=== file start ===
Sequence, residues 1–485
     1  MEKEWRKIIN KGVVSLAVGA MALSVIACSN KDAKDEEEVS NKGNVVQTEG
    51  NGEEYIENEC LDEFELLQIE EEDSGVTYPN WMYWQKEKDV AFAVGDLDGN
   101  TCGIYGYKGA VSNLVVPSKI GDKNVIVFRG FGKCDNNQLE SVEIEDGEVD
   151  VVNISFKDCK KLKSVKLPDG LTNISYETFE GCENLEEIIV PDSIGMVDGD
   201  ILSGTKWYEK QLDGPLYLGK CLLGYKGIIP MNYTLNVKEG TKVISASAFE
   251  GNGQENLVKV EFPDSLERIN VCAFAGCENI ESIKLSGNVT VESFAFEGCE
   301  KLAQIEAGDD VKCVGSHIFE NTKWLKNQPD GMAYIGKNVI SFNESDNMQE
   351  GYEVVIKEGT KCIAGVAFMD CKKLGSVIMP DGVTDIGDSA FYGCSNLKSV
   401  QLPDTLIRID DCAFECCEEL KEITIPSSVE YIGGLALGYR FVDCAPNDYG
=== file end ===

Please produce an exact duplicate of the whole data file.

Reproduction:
Sequence, residues 1–485
     1  MEKEWRKIIN KGVVSLAVGA MALSVIACSN KDAKDEEEVS NKGNVVQTEG
    51  NGEEYIENEC LDEFELLQIE EEDSGVTYPN WMYWQKEKDV AFAVGDLDGN
   101  TCGIYGYKGA VSNLVVPSKI GDKNVIVFRG FGKCDNNQLE SVEIEDGEVD
   151  VVNISFKDCK KLKSVKLPDG LTNISYETFE GCENLEEIIV PDSIGMVDGD
   201  ILSGTKWYEK QLDGPLYLGK CLLGYKGIIP MNYTLNVKEG TKVISASAFE
   251  GNGQENLVKV EFPDSLERIN VCAFAGCENI ESIKLSGNVT VESFAFEGCE
   301  KLAQIEAGDD VKCVGSHIFE NTKWLKNQPD GMAYIGKNVI SFNESDNMQE
   351  GYEVVIKEGT KCIAGVAFMD CKKLGSVIMP DGVTDIGDSA FYGCSNLKSV
   401  QLPDTLIRID DCAFECCEEL KEITIPSSVE YIGGLALGYR FVDCAPNDYG